4 Crucial Tips for Using Google’s Smart Bidding for SaaS Marketing

4 Crucial Tips for Using Google’s Smart Bidding for SaaS Marketing

The concept of machine learning has mixed connotations, though it has come a long way since the days of The Terminator. The use of machine learning through Google Smart Bidding promises easy and effective bidding, and it isn’t just for retail businesses. Google’s Smart Bidding is able to be used incredibly effectively by B2B/SaaS clients as well.

If eCPCs are the Phillips-head improvement to the standard screwdriver of manual bidding, Smart Bidding is the electric screwdriver that makes the marketer’s output easier and more effective. 

For example, say you are bidding on “cybersecurity software” terms. With a $25 eCPC bid, you are telling Google that you are willing to spend up to $25 for that ad click regardless of who is searching that term. That could include a chief security officer for an enterprise company or it could be a college student that just got a new laptop. And the latter isn’t likely to convert as an SQL.

 

4 Google Smart Bidding Tips for SaaS Marketers

By utilizing smart bidding, Google will see the nature of who is searching compared to the kinds of people that lead to conversions in your funnel and create bespoke bids for each auction based on that information.

Here are 4 crucial tips on how to make Google Smart Bidding systems work for your SaaS business.

 

Tip 1: Good Conversions In = Good Conversions Out

The first principle of using an automated bid strategy with a conversion-based target (CPA or ROAS) is good conversions in = good conversions out. Smart Bidding works by seeing which searchers lead to “primary” conversion actions set in Google Ads (and which ones don’t) and then curates bids based on that information moving forward.

You must find the balance between giving Google the highest-quality conversions to optimize toward and conversion volume. In a B2B/SaaS environment, this means providing Google with the conversions closest to providing real business value. You also want to make sure each bid strategy (at the campaign-level or bid strategy level) is receiving at least 30 conversions per month to give ample data for learning and effective bidding.

This principle relies heavily on offline conversion tracking (OCT) to show Google which conversions are providing business value. Google tags don’t work throughout the lead process, so it is crucial to set up OCT conversions in Google by connecting your CRM and creating conversion actions for the most valuable stages in the lead process.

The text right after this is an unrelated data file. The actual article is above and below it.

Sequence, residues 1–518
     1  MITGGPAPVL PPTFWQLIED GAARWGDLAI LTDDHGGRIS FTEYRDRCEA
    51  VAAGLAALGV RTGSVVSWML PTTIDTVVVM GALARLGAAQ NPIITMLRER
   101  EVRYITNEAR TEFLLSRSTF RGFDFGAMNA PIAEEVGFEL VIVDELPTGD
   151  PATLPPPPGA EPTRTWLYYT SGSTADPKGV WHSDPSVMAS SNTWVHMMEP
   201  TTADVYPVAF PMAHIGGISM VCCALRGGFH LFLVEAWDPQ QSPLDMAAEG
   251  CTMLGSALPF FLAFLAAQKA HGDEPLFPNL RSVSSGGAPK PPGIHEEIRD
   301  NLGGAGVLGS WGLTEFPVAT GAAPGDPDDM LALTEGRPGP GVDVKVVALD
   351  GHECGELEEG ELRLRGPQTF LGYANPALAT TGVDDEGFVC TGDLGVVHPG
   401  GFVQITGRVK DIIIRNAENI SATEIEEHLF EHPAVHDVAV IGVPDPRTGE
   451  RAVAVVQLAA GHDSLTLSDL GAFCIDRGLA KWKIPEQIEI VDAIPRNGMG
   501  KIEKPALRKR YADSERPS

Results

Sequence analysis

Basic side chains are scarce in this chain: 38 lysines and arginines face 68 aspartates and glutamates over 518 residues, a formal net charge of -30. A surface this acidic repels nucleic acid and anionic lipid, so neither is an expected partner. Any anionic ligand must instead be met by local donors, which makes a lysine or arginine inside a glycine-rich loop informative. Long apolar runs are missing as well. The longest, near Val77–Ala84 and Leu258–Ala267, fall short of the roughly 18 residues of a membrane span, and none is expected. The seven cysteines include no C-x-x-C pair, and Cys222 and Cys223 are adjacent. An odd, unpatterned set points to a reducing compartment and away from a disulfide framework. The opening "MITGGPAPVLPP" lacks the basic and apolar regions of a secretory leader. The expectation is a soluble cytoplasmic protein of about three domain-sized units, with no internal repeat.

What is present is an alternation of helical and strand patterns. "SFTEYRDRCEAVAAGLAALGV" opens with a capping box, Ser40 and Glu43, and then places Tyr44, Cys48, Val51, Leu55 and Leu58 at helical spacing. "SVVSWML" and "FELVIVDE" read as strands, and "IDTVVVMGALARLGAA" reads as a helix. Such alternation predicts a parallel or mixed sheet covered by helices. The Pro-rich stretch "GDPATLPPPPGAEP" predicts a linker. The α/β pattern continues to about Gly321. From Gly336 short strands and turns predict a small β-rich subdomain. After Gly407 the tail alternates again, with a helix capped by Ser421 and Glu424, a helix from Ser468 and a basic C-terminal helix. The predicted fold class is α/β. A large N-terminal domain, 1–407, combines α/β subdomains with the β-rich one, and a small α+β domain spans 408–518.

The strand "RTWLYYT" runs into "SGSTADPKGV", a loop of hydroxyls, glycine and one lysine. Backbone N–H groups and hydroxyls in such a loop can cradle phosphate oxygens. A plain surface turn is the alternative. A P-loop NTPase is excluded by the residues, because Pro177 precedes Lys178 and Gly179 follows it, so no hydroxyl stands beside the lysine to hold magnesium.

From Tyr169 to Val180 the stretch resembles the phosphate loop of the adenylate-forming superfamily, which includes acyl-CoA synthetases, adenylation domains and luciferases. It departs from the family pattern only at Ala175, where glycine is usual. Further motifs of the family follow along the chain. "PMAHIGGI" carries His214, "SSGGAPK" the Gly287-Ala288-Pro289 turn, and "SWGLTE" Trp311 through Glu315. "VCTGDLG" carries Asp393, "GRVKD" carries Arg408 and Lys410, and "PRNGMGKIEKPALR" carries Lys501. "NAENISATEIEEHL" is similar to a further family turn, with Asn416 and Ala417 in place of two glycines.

In the visual below, we want to give Google conversions as close to the center of the target that are also over 30/month for a given campaign. If we only gave Google closed-won conversions, Google only has two data points to optimize off of per week. This doesn’t allow the system to learn which kinds of searchers are most likely to enter the sales pipeline; there are likely many other people out there that are likely to convert and don’t look like anything like those two deals Google sees in a week. The appropriate conversion type to send to Google for bidding optimization is MQLs in this case, since that is the conversion stage closest to realized revenue that also has ample volume for learning. Note that OCT is necessary to pipe in closed won deals, SQLs, and MQLs, while demo requests can simply be counted through a conversion tag.

 

Tip 2: Make Smart Efficiency Targets

So, you’ve created the right audiences and honed in on your conversions. The next step is to determine your efficiency target you want to have for the system. This must be made considering the lead stage you are sending as a conversion to Google, not necessarily closed won conversions. For example, by providing a max conversions bid strategy that is seeing MQLs as a conversion with a target CPA of $200, you are telling Google to target spending $200/MQL.